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Monday, April 2, 2012

Doubts cast on collision theory of moon formation



The prevailing theory for how our moon formed is that an enormous collision between the early Earth and a Mars-sized object blasted it into space. If true, much of the substance that makes up the moon should come from the Earth, but a sizable chunk should have originated from the other planetary object, dubbed Theia. Surprisingly, Junjun Zhang and her colleagues from the University of Chicago have found that this is not the case. Essentially all of the moon’s material appears to have come solely from the Earth.

How did the cosmologists reach this conclusion? They compared the ratios of isotopes (atomic variations) of titanium found both on the Earth and in samples brought back from the moon. Different objects throughout the solar system have different ratios of these isotopes. For example, asteroids that have been collected on Earth have highly varied titanium isotope signatures. It’s extremely unlikely that Theia would have had the exact same ratio of titanium isotopes as Earth. Therefore, if the moon truly were a child of their union, it should contain a titanium ratio somewhere between the two.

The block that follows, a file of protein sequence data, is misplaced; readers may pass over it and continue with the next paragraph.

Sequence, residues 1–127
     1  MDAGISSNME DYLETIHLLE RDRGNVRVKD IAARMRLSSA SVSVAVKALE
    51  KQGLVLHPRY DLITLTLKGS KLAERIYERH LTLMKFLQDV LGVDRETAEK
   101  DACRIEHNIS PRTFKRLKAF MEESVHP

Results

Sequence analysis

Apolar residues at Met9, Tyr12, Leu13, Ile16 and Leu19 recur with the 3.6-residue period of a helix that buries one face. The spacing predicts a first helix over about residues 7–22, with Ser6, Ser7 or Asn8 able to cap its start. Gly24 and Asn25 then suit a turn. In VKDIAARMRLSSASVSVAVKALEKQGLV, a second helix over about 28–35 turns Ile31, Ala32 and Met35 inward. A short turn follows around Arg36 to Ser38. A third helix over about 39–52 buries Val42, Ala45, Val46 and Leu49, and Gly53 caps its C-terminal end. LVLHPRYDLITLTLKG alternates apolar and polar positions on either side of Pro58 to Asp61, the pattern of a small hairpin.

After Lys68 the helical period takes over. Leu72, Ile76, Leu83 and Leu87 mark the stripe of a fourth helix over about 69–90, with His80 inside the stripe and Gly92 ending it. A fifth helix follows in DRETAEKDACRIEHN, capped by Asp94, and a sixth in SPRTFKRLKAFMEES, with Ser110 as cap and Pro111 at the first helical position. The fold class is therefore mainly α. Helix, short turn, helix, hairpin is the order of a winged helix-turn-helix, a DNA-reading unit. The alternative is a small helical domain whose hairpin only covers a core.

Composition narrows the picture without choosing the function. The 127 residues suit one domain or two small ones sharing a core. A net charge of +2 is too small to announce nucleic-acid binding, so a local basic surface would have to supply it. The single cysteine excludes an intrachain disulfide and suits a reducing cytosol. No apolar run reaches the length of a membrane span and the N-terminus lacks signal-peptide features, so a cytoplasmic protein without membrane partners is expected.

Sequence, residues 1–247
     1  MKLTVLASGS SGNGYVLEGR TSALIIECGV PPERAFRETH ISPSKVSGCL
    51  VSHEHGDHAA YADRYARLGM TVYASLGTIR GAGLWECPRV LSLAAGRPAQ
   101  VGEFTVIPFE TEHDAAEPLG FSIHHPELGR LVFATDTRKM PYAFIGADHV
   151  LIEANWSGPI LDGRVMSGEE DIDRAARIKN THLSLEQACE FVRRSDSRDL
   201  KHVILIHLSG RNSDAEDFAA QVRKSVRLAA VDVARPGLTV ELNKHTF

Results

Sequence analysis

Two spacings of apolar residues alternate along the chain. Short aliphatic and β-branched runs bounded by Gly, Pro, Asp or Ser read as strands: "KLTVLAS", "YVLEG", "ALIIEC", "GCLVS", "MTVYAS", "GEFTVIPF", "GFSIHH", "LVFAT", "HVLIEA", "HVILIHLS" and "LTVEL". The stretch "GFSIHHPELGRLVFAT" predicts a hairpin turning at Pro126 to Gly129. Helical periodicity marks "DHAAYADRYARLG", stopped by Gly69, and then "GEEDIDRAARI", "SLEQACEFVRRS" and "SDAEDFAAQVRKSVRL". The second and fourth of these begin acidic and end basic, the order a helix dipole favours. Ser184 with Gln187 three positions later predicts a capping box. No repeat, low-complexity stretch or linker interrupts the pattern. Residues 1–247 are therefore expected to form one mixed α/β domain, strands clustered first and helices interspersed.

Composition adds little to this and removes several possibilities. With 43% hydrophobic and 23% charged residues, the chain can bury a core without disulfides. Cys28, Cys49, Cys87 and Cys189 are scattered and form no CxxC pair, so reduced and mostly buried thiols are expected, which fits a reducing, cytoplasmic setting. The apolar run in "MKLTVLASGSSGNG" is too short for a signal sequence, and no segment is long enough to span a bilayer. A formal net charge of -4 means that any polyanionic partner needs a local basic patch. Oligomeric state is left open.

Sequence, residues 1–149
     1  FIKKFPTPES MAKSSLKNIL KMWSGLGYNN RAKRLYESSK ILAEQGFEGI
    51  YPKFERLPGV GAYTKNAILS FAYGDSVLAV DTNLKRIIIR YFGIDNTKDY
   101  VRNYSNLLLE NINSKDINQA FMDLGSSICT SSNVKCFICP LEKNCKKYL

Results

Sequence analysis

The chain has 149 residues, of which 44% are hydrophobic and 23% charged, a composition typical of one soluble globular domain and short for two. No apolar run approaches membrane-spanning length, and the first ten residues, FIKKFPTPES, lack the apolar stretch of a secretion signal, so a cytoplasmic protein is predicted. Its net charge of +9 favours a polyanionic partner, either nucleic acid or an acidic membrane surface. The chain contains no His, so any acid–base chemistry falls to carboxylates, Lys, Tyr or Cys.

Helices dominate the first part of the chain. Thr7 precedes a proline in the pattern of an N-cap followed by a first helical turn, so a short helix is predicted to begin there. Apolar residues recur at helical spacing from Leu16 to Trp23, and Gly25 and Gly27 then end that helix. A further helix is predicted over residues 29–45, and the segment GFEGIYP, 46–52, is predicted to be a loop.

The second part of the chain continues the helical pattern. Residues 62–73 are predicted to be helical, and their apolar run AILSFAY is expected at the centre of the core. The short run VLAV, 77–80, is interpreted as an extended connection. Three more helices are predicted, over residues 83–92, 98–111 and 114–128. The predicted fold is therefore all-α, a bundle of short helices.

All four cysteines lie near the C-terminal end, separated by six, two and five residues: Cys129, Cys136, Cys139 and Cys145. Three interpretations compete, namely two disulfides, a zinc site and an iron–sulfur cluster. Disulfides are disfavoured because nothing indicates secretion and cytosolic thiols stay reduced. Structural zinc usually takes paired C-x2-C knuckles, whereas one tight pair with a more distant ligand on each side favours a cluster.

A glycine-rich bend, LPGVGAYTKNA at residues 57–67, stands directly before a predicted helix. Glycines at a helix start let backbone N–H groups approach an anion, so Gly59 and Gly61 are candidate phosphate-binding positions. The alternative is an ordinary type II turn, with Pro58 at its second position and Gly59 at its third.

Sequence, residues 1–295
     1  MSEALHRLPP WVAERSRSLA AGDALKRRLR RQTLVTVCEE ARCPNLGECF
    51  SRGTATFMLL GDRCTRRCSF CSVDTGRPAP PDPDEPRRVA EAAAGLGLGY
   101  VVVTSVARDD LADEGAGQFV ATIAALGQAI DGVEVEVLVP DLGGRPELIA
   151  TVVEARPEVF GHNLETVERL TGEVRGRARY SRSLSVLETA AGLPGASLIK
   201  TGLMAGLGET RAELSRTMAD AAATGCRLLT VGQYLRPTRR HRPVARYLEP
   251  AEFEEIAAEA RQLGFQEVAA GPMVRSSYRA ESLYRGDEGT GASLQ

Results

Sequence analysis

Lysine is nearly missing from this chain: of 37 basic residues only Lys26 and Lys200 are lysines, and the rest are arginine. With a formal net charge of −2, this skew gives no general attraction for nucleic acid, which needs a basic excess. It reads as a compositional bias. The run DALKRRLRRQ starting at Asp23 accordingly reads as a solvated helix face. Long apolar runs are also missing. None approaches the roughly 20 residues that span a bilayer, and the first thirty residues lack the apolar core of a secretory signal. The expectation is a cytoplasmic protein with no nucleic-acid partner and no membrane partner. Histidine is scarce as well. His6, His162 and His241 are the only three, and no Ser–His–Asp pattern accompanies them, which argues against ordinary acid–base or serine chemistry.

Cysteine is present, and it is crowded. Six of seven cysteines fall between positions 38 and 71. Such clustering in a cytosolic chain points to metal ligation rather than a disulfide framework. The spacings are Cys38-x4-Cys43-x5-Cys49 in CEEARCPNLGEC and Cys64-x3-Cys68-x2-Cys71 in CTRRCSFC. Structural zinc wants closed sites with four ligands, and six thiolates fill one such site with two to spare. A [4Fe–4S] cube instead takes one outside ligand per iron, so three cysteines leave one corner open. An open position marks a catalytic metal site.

That’s not what the researchers found at all. Instead, the titanium ratio of the moon is virtually identical to that of the Earth. This strongly suggests that all of the material in the moon came from the Earth and none of it came from the hypothetical Theia.

Unfortunately, without Theia colliding into the Earth, there isn’t a good explanation for how the moon got here. Other hypotheses, such as that the moon spun out of a rapidly rotating Earth or that the moon was a free-floating entity that got captured by Earth’s gravity, have serious flaws. Perhaps Theia was involved but didn’t contribute any material to the building of the moon. This doesn't seem particularly likely either.

I guess it’s back to the drawing board for moon formation theorists.